In one example of the manufacturing process, the membrane template is covered with a photoresist or electron beam resist which then is subsequently structured by photolithographic or electron beam lithographic techniques to produce a memory array having a predefined pattern of apertures to expose the underlying template at locations that are in registration with subsequent evaporation or sputter mask conductor patterns. These apertures are etched holes in the resist that range from 0.1 micron to 10 micron in diameter. Each aperture will correspond to one memory unit in the finished memory.
Gold or other suitable metal line and contact pad conductors can then be patterned on the top surface of the photoresist through evaporation or sputtering of the metal through a shadow mask to form the thin film conductor pattern which will communicate with the memory units of the memory array. These conductors provide electrical contact and serve as sense electrodes for detection of single nanowire contact events as described below, and by which the said nanowire is permanently attached and bonded to the sense electrode. During use of the memory, the sense electrode serves as the read/write line in an integrated memory element unit formed in a single step and at each location in the memory array.
Nickel or other ferromagnetic elements or alloys known to possess adequate magnetoresistive characteristics are electrodeposited into the pores of the template at each predefined node. Typical metals used are nickel, cobalt, iron and multilayers of nickel, cobalt and/or iron possibly with further metals like copper, aluminium and chromium.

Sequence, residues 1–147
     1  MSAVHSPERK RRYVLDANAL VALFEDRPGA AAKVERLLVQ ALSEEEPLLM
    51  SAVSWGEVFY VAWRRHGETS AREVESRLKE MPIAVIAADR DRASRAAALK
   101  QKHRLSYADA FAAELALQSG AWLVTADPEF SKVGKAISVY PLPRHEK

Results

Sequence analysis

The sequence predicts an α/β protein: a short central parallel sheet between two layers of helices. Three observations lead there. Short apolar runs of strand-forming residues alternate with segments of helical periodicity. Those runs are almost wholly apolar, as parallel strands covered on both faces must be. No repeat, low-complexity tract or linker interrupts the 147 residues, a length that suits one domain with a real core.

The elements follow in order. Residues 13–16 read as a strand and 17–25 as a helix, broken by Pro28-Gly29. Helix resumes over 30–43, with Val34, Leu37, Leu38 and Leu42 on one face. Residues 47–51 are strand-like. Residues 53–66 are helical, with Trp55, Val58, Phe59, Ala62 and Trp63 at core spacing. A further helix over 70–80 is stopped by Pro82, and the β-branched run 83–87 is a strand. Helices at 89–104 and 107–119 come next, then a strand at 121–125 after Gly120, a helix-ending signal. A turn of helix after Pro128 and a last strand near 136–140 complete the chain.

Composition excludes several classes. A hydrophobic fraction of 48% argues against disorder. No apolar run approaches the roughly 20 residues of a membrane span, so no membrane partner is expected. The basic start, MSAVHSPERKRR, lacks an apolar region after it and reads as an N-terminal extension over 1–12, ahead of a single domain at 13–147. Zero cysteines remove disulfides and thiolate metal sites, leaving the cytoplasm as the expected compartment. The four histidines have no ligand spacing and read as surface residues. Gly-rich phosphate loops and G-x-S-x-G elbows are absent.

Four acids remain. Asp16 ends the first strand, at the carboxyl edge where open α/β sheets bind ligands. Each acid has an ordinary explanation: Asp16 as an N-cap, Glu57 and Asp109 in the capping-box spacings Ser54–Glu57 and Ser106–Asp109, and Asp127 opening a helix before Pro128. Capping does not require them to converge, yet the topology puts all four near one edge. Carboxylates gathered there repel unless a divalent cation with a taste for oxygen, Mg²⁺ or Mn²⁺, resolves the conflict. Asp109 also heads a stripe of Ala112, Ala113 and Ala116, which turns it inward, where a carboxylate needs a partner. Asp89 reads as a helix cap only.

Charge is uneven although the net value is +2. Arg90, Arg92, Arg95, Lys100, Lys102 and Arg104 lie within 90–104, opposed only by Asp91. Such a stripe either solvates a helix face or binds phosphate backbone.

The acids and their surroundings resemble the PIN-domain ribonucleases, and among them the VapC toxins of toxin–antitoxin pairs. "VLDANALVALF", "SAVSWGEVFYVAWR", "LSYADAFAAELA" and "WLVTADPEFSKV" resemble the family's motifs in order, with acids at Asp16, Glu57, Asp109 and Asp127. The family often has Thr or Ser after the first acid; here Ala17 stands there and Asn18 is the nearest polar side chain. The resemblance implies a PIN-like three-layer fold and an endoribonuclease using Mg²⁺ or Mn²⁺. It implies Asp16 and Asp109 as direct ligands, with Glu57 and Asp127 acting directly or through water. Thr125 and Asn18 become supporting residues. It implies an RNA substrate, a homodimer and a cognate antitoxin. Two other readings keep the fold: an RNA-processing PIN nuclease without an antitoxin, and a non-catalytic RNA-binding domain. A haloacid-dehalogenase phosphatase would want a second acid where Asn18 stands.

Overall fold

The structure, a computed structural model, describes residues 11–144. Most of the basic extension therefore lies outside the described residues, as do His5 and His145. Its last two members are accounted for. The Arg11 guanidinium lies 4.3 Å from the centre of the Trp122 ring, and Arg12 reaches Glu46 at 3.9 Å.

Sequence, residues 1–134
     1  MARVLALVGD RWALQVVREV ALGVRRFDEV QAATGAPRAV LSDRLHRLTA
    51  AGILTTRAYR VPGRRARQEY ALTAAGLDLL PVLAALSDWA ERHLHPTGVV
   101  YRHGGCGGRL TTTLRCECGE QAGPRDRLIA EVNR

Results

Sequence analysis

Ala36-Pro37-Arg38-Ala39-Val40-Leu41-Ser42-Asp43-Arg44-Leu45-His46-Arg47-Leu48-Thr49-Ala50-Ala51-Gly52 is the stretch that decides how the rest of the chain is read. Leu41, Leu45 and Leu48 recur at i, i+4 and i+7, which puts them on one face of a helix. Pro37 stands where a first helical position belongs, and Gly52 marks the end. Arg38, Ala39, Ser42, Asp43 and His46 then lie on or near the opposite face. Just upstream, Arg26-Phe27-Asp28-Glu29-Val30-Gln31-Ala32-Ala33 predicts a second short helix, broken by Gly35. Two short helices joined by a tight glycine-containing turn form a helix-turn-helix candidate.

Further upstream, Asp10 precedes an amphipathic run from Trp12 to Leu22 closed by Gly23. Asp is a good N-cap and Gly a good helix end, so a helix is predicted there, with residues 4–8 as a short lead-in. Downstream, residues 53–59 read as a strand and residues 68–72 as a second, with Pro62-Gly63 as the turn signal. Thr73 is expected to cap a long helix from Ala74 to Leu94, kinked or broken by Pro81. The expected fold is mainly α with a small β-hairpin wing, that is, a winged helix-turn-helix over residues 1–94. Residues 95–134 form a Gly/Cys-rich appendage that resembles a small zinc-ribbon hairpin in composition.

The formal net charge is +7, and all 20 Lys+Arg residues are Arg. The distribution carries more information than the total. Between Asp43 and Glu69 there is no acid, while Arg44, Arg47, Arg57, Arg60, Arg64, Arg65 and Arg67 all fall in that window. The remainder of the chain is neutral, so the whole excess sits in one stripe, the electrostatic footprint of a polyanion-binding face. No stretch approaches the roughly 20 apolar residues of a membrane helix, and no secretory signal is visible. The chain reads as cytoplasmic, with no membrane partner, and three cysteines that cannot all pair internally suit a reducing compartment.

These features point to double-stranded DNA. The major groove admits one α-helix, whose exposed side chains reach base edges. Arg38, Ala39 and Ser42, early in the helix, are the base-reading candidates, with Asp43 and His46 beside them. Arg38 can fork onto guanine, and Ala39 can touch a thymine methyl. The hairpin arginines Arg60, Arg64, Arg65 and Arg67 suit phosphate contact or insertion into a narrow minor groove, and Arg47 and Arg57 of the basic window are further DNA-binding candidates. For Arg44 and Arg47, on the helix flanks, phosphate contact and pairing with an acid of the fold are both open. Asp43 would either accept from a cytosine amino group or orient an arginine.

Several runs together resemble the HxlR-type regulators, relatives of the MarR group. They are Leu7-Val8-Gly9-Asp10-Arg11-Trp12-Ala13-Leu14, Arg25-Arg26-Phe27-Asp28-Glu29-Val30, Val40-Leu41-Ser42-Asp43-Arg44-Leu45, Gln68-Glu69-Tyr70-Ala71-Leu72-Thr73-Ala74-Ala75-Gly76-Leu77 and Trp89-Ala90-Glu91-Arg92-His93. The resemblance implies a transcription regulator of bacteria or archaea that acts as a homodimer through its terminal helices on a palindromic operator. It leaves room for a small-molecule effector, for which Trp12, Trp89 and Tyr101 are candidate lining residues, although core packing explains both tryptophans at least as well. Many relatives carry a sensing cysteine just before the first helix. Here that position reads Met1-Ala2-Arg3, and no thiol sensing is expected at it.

The electrochemical growth of the memory elements at each location in the memory array is individually controlled by the in-situ monitoring technique described below. Within each location, electrochemical growth of nanowires can occur in any or all of up to several hundred pores of the membrane corresponding to the location. However, due to the random distribution of growth rates of nanowires in each individual pore, the in-situ monitoring technique terminates the growth in an individual location when contact made to the sense electrodes by the fastest growing nanowire is detected, hence immediately forming the integrated memory element unit as described above.
The membrane template advantageously consists of porous silicon formed by controlled anodization of the same silicon wafer as the substrate. Such porous silicon template may have a random pore distribution or a predefined distribution of pores.
In the case of a random pore distribution, the memory array can be formed by application of photoresist to the top of the template, and patterning by photo- or electron beam lithographic techniques to produce precisely positioned apertures/locations as just described. Conductor patterns may also be applied.
In the case of a predefined pore distribution in the silicon wafer, the pores may be in registration with shadow mask conductor patterns, thus permitting the evaporation or sputtering of thin film metal conductor lines and contact pads directly to the substrate without the intervention of a photo- or electron beam resist.